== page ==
Chris, Thanks much for sharing your experience.

 

From the information found in net, there is no recommend viewing glass which protects eyes. Some people suggest 'Welder glass of shade T-10 or denser'.

 

Would Sunglasses with UV protection (99 or 100 per cent protection of UV-A and UV-B) help?


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#4 Chris Steel

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Posted 09 December 2017 - 05:10 AM

If your glasses or viewers "are compliant with the ISO 12312-2 safety standard, you may look at the uneclipsed or partially eclipsed Sun through them for as long as you wish" - NASA

 

I don't think sunglasses will be strong enough to look at the sun, even with UV protection.

 

Welders glass with UV cut will work also. I'd still want to cover the sun with a completely opaque spot just incase though


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#5 Mathew Collins

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Posted 09 December 2017 - 07:18 AM

Tha

 

If your glasses or viewers "are compliant with the ISO 12312-2 safety standard, you may look at the uneclipsed or partially eclipsed Sun through them for as long as you wish" - NASA

 

I don't think sunglasses will be strong enough to look at the sun, even with UV protection.

 

Welders glass with UV cut will work also. I'd still want to cover the sun with a completely opaque spot just incase though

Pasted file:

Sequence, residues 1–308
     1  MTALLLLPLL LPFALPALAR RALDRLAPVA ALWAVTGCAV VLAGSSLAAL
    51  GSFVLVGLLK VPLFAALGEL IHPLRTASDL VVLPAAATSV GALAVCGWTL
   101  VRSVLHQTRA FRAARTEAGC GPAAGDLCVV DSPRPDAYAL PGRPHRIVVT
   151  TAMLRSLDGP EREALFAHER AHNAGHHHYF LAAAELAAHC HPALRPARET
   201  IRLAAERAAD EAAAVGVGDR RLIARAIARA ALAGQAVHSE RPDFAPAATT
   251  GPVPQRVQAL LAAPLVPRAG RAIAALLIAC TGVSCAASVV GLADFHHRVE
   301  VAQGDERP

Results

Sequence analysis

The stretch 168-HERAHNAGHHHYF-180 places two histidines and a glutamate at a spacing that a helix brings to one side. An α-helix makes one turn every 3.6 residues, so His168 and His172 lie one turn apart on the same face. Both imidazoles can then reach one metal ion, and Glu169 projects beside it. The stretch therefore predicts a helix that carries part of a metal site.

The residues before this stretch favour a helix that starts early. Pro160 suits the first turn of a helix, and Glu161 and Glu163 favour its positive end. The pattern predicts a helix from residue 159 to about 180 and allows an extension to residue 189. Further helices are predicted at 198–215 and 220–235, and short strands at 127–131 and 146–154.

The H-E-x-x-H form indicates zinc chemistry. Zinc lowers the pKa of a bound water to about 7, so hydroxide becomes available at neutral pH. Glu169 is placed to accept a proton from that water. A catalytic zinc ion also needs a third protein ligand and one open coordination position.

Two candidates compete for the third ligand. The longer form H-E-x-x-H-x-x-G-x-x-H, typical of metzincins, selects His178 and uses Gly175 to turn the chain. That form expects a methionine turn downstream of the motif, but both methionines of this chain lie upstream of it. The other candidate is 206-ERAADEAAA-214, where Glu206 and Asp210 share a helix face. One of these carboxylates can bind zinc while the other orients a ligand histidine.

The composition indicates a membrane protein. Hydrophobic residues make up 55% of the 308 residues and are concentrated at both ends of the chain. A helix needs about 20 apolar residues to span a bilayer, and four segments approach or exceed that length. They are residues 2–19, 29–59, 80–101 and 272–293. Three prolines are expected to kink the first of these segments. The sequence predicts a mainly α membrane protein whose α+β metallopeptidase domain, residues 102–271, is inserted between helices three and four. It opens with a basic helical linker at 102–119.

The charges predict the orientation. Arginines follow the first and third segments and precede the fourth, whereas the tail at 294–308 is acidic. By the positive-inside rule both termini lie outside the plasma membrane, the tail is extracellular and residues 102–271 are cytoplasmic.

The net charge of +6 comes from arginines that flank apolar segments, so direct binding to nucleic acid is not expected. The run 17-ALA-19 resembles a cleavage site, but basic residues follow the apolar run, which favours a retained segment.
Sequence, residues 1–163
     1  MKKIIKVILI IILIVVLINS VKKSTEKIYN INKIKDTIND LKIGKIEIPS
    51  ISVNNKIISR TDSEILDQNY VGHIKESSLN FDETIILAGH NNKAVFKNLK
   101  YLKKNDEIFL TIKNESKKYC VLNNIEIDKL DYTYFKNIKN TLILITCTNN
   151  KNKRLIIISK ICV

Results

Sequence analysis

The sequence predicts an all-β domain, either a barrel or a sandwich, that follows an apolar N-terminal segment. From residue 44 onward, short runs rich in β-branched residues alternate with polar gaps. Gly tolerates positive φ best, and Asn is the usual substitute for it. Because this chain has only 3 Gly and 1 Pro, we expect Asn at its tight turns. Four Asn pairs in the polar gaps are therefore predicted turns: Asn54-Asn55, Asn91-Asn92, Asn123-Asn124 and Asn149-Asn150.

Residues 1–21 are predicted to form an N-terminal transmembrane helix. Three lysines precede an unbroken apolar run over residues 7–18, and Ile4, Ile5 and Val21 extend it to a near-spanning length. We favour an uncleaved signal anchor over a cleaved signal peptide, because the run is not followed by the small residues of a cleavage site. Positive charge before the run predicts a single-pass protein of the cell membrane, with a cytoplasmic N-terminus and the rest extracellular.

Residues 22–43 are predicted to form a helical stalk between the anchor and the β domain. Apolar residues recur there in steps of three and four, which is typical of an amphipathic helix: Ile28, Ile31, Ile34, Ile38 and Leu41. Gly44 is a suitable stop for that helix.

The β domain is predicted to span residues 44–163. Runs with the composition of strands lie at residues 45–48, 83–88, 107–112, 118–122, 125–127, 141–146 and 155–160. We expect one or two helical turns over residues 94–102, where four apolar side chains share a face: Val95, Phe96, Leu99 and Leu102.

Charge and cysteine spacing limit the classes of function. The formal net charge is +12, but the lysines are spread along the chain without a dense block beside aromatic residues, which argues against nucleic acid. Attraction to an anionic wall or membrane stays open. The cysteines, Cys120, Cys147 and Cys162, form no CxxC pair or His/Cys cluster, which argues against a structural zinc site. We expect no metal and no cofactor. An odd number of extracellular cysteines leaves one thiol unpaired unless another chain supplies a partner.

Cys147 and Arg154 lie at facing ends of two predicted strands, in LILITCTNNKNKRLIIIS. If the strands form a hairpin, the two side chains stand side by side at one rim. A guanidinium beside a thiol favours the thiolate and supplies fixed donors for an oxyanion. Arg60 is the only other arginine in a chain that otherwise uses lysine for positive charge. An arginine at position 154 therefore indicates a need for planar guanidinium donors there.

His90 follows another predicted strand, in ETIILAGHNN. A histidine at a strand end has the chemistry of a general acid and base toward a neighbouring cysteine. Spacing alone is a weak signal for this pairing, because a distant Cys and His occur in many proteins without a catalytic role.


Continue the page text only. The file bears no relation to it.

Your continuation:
Thanks Chris.

 

I would start using my smartphone screen for viewing.


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#6 Frank Barrera

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Posted 10 December 2017 - 02:32 PM

The industry standard is the Alan Gordon Gaffer's Glass.

 

https://www.alangord...ducts/blue-ring

 

I've been using one for many years. As it says in the manufacture's disclosure, when viewing the sun's position, this is meant for cloud cover where the sun goes in and out. I have tried the reflection technique with sunglasses or a cell phone screen but this has little practical usage because the point of the exercise is to make an estimation of time as to when the clouds will clear or cover the sun so the production can resume. The reflection in any surface is too small to make an estimate. You need to look directly at the clouds/sun.  Obviously this is done with an abundance of caution.